Above Study of Vermeer’s Girl with a Pearl Earring painted by Deon Matzen
What is an artist’s eye? Someone posed this question to me recently and though I have been thinking about it, I was flummoxed as to what it actually is. Having done some research I am now prepared to make some comments.
As many of you know, I am an artist. I studied art in college and, off and on, over my lifetime I pursued an artist’s career. I know that I am probably more susceptible to color than the average person. I also know that I see more than most other folks. In the past, I put this down to being more observant of my surroundings, but it isn’t just that.
My students often comment, “How did you see that?” I will be helping them with a painting and point outa missed detail or a misconception on their parts and show them, either through a sketch or an explanation, what I see in the scene. They cannot believe they have missed it as it becomes obvious when I point it out. Many have commented, after studying with me for some time, that they are now much more observant people. They see the world differently. Maybe the artist’s eye is something that can be trained. I think this is true, though some of us are born with it.
Often times I tell my students to leave their brains out of seeing, that the mind and logic only serve to misrepresent the truth. It is true. Our preconceived ideas of what objects should look like ruins our ability to really understand what they look like. If I ask you to draw a horse from memory, using your brain and memory, and then ask you to draw a horse from a photo or real life, which is the better example of a horse? The one you imagine or the one you REALLY looked at and drew?
In beginning drawing classes my students use large drawing tablets (18 x 24”) to draw large works. Often times I ask them to draw objects bigger than life. Sometimes I ask them to draw with their non-dominate hand to force eye-to-hand coordination to come into play. They concentrate so hard on making the hand work that they cannot use preconceived impressions of the object (the mind and memory) to draw the object; they must focus on the object and the movement of the hand. Most students will complete a more accurate rendering of the subject than when left to draw in the usual manner.
Other times I will have the students cover their work while they are drawing, not allowing them to see what is happening on the page but making the hand follow the eye as it moves around an object. Mostly this results in a much better drawing than if I just let them draw while looking at the page. If left to their own devices, many students will spend more time looking at the page, trusting memory—the weak link—while seldom looking at the object and thus misremembering it. I have watched the new artist work. Many times, a student will spend about ninety percent of the drawing time looking at the drawing and not the object. Those who spend most of their time looking at the object while continuing to move their pencils will become the better artists. It is a hard habit to break, watching you hand draw. After many, many years of being an artist, when I draw and when I paint, I spend most of my time looking at the object(s) and not looking at my work, mostly using my peripheral vision to guide my progress.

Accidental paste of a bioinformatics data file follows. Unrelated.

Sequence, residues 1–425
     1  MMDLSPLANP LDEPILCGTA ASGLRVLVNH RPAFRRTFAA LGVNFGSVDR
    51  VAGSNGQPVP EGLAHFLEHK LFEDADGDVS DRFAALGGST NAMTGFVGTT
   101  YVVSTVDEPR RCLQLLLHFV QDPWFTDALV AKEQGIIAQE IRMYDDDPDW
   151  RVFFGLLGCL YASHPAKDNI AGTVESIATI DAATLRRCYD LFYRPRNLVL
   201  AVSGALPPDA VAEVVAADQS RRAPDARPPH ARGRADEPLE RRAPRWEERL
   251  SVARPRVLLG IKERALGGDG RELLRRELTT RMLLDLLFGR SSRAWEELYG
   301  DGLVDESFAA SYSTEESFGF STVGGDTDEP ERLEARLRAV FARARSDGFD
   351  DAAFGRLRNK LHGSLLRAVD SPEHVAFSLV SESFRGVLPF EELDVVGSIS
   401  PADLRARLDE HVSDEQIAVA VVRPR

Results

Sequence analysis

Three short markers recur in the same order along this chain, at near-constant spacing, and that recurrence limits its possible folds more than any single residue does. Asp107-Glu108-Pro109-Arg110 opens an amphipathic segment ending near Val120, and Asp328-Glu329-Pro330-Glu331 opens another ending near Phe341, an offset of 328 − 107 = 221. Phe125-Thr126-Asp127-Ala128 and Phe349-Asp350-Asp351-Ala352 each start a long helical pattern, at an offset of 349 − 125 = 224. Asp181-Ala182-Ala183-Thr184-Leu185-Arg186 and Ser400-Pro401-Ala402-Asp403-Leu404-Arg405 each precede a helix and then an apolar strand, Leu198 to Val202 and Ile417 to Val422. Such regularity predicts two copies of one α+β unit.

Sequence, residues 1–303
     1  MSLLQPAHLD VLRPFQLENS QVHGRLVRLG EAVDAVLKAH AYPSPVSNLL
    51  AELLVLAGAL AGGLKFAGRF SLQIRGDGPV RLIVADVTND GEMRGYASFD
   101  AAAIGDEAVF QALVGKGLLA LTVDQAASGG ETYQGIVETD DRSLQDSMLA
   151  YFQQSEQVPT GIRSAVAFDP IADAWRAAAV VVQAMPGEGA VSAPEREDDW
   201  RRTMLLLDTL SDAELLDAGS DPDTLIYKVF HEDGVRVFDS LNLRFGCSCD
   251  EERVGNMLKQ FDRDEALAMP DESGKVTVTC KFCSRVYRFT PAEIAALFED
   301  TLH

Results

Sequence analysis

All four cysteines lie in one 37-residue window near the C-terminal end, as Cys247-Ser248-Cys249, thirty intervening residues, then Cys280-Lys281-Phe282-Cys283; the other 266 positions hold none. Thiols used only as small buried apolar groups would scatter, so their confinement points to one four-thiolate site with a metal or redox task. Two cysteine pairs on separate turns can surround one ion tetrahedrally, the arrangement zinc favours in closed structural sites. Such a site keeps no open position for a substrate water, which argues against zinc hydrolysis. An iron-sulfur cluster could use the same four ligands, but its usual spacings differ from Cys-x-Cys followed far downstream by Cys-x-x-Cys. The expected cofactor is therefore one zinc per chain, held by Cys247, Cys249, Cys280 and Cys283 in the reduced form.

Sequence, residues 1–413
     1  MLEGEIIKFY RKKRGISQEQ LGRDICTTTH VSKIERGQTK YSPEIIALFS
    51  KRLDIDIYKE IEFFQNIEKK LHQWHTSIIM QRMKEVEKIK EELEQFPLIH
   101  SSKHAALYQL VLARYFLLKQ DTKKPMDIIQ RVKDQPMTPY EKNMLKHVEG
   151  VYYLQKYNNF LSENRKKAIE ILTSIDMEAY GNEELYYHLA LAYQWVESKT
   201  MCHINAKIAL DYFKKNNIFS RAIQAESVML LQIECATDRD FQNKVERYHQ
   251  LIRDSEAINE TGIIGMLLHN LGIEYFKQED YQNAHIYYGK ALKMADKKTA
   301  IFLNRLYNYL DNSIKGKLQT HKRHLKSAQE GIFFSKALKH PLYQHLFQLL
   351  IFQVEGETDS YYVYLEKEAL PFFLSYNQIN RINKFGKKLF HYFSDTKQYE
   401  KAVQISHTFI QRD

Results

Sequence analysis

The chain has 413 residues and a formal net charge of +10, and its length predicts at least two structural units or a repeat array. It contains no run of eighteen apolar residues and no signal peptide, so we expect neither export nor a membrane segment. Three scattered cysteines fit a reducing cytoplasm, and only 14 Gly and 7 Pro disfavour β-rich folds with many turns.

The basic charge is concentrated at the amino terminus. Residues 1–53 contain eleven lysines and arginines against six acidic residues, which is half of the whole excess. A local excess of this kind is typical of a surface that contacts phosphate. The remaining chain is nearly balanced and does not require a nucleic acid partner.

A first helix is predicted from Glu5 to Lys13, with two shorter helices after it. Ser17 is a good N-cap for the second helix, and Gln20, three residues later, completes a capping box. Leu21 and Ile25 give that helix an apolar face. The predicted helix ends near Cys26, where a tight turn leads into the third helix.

Do I look at the world differently, being an artist? I guess I do. I see the details. I notice the colors and how they relate to one another. I understand how bright light can cause my pupils to constrict, causing shadows to lose details. Lightness and darkness (value) are important to me and I am constantly aware of how shadows play out in a scene. How dark or light are they? That tells me how dull or bright the daylight is. I am constantly aware of this. Maybe the average person is not. I see textures in the scene and am aware of them, the smoothness of water and how reflections waver or not, the patterns made by the leaves of various species of flora, the forms and shapes of rocks and how they differ from one another.
While researching the subject, I came across a good article by By Sadie F. Dingfelder. Monitor Staff.,2010, ,Vol 41, No. 2, Print version: page 40. (http://www.apa.org/monitor/2010/02/artists.aspx) In this article, they seem to come the closest I can imagine to describe “the artist’s eye.” For some of us this is an instinctual thing, something we have always had, something that has allowed us to see the world more clearly and in greater detail. For others, my students, it is something I have trained them to do. Some of the unsuccessful are frustrated about learning something that seems too basic and simple to them, learning to see. I tell my students that all I am teaching them is to see and eye-to-hand coordination. They laugh at this, but, really, it is as basic as that. But remember to leave the brain out of it.